A 12-Year-Old Blogs His Experience with Idiopathic Intracranial Hypertension

A few years ago, Kyan Harris started experiencing some unwelcome health issues. At just nine years old, the boy wanted to play rugby with his friends. But instead, he was sidelined by severe headaches, nausea, and dizziness. Soon, Kyan lost his sight and received a diagnosis of idiopathic intracranial hypertension. Then, at age 11, Kyan was diagnosed with a rare form of cancer.

But instead of feeling down about his situation, Kyan is approaching it with positivity and care. In fact, he inspires to advocate for other patients and raise awareness for rare conditions using his blog, “It Is What It Is.” 

Idiopathic Intracranial Hypertension

So let’s break down the name of this condition. “Idiopathic” means either that a condition has an unknown cause or occurs spontaneously and without warning. Intracranial hypertension (IH) refers to a condition in which pressure builds up in the skull. So, idiopathic intracranial hypertension signifies a pressure increase within the skull for an unknown reason.

However, some doctors think that intracranial hypertension is caused by a build-up of cerebrospinal fluid, a fluid that protects your brain and spinal cord from damage, and provides nutrients for your nervous system.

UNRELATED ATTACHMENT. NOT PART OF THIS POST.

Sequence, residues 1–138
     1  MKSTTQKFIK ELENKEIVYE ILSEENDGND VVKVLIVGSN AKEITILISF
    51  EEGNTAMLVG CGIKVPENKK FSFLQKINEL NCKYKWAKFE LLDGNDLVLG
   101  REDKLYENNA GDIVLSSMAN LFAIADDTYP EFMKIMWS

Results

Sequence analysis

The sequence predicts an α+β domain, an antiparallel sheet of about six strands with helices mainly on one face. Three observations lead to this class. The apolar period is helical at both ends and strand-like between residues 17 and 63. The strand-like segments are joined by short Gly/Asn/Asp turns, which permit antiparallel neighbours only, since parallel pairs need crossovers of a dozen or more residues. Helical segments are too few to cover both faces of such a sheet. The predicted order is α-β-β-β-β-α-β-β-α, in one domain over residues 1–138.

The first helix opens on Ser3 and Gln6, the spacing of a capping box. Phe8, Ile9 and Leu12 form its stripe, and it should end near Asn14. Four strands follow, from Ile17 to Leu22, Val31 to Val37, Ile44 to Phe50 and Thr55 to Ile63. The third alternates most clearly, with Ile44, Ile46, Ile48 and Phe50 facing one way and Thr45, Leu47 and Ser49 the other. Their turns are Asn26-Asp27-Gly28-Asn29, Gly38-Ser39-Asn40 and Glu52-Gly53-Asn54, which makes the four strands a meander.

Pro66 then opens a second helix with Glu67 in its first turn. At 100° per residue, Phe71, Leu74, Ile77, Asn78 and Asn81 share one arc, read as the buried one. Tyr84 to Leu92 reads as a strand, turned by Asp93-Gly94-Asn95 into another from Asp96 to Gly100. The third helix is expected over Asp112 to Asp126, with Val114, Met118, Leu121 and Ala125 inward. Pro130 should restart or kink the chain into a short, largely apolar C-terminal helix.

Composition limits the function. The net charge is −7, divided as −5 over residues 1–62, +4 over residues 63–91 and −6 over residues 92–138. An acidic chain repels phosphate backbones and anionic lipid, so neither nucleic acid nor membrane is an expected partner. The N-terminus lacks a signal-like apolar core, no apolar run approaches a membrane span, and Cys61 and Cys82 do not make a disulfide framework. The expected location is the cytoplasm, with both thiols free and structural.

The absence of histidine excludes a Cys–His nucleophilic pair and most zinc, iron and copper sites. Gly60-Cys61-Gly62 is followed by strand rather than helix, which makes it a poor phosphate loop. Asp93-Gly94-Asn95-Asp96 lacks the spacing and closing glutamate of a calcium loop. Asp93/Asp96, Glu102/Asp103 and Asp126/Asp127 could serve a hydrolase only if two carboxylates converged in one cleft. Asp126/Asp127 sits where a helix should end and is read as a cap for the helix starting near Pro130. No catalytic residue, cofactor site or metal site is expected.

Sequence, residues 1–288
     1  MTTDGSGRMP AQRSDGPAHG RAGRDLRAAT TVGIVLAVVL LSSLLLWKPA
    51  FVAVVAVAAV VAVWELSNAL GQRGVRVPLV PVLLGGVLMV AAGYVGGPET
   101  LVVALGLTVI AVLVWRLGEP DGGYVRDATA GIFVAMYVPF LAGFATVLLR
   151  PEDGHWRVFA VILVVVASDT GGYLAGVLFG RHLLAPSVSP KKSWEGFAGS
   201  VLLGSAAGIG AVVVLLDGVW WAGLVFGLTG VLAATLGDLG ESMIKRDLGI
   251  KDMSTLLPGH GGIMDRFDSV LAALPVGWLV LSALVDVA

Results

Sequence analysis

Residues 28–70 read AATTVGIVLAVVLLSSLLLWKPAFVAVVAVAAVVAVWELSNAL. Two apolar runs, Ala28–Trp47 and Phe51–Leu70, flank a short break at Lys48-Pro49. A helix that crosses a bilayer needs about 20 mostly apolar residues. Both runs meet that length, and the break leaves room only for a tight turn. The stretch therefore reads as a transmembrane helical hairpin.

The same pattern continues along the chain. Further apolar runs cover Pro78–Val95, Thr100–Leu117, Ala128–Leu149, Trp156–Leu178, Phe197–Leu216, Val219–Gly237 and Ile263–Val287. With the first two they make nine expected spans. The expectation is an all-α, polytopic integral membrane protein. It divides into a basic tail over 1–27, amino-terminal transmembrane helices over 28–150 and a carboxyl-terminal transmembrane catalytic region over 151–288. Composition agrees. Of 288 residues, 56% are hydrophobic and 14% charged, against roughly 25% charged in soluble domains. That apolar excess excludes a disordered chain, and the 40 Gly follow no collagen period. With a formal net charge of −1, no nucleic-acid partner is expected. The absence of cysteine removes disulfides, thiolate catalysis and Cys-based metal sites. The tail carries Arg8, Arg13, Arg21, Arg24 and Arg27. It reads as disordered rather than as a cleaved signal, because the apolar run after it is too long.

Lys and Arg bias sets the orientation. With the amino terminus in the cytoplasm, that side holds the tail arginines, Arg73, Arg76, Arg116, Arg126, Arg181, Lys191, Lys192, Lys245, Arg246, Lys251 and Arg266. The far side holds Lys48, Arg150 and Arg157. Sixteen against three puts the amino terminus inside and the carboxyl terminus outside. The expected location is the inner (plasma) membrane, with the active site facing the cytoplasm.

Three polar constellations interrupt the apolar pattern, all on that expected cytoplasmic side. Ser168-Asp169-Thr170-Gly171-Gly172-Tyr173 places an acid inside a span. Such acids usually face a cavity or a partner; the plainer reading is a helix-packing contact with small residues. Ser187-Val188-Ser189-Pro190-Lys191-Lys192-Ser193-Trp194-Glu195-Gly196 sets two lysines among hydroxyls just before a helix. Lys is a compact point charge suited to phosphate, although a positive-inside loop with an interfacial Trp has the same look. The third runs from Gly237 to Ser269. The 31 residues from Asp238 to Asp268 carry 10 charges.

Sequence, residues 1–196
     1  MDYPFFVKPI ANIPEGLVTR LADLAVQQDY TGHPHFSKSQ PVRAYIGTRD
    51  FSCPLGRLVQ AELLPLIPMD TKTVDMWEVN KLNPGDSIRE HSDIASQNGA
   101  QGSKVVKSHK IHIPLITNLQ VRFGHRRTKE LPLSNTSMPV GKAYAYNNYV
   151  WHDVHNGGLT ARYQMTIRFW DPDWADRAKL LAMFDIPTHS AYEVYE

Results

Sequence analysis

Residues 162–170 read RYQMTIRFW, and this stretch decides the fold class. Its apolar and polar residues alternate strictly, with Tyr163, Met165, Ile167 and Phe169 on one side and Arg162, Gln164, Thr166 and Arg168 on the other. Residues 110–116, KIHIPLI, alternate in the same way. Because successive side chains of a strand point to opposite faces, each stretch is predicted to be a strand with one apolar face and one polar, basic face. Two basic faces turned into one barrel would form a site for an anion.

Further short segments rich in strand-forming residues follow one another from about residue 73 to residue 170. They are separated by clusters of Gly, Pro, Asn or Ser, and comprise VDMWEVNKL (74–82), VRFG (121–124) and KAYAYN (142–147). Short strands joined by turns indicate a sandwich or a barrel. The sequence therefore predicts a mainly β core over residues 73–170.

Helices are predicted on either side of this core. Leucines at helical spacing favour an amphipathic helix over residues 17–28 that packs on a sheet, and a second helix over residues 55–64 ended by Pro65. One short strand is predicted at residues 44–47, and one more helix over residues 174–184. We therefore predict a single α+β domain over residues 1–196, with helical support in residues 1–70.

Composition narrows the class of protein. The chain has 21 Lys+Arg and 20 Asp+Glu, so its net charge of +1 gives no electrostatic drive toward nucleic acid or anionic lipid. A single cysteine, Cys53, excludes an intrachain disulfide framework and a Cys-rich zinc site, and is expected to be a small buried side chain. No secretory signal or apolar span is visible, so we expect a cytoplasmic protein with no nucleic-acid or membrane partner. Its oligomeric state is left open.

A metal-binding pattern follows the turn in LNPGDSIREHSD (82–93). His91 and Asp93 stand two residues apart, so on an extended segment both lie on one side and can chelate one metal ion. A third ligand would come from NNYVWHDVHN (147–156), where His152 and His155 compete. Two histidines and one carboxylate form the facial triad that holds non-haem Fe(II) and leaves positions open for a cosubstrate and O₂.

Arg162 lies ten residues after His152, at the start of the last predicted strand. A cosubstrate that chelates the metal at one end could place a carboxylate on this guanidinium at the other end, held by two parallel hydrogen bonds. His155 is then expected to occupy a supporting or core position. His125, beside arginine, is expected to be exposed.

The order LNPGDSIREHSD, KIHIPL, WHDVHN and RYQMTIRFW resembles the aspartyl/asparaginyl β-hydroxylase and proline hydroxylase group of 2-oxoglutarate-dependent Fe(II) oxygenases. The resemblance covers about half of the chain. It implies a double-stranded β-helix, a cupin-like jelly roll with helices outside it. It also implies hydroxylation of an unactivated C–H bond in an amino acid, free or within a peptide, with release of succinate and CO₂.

Women between the ages of 20 and 35 are more heavily impacted by intracranial hypertension. Additionally, doctors believe obesity to be a potential risk factor. People with intracranial hypertension may experience symptoms similar to those with brain tumors. However, intracranial hypertension does not result in brain tumors.

Symptoms include tinnitus, seconds-long episodes of blindness, double vision, nausea and vomiting, dizziness, a severe headache that gets worse with eye movement, blurred vision, and neck, shoulder, and back pain. Read more about intracranial hypertension.

Kyan’s Story

Now, at 12 years old, Kyan is still undergoing chemotherapy treatment for his cancer. Currently, his family helps him run his blog so that he can share his experience with others.

According to Kyan, he hopes that:

“I can look back at the memories [on my blog] and see what I’ve been through and feel good.”

Through his blog, Kyan and his family have connected with others going through the same experience. Additionally, many people offered to donate money to his cause.

But rather than accepting any donations, Kyan asked for something else. He asked that any money be instead donated to one of three charities:

  • Noah’s Ark: which helps to support a specialized children’s hospital,
  • Latchwhich raises money to support children and families being treated for cancer at the Children’s Hospital for Wales, or
  • Dreams & Wisheswhich grants dreams to children impacted by life-threatening illnesses.

Read the original article here.

Jessica Lynn

Jessica Lynn

Jessica Lynn has an educational background in writing and marketing. She firmly believes in the power of writing in amplifying voices, and looks forward to doing so for the rare disease community.

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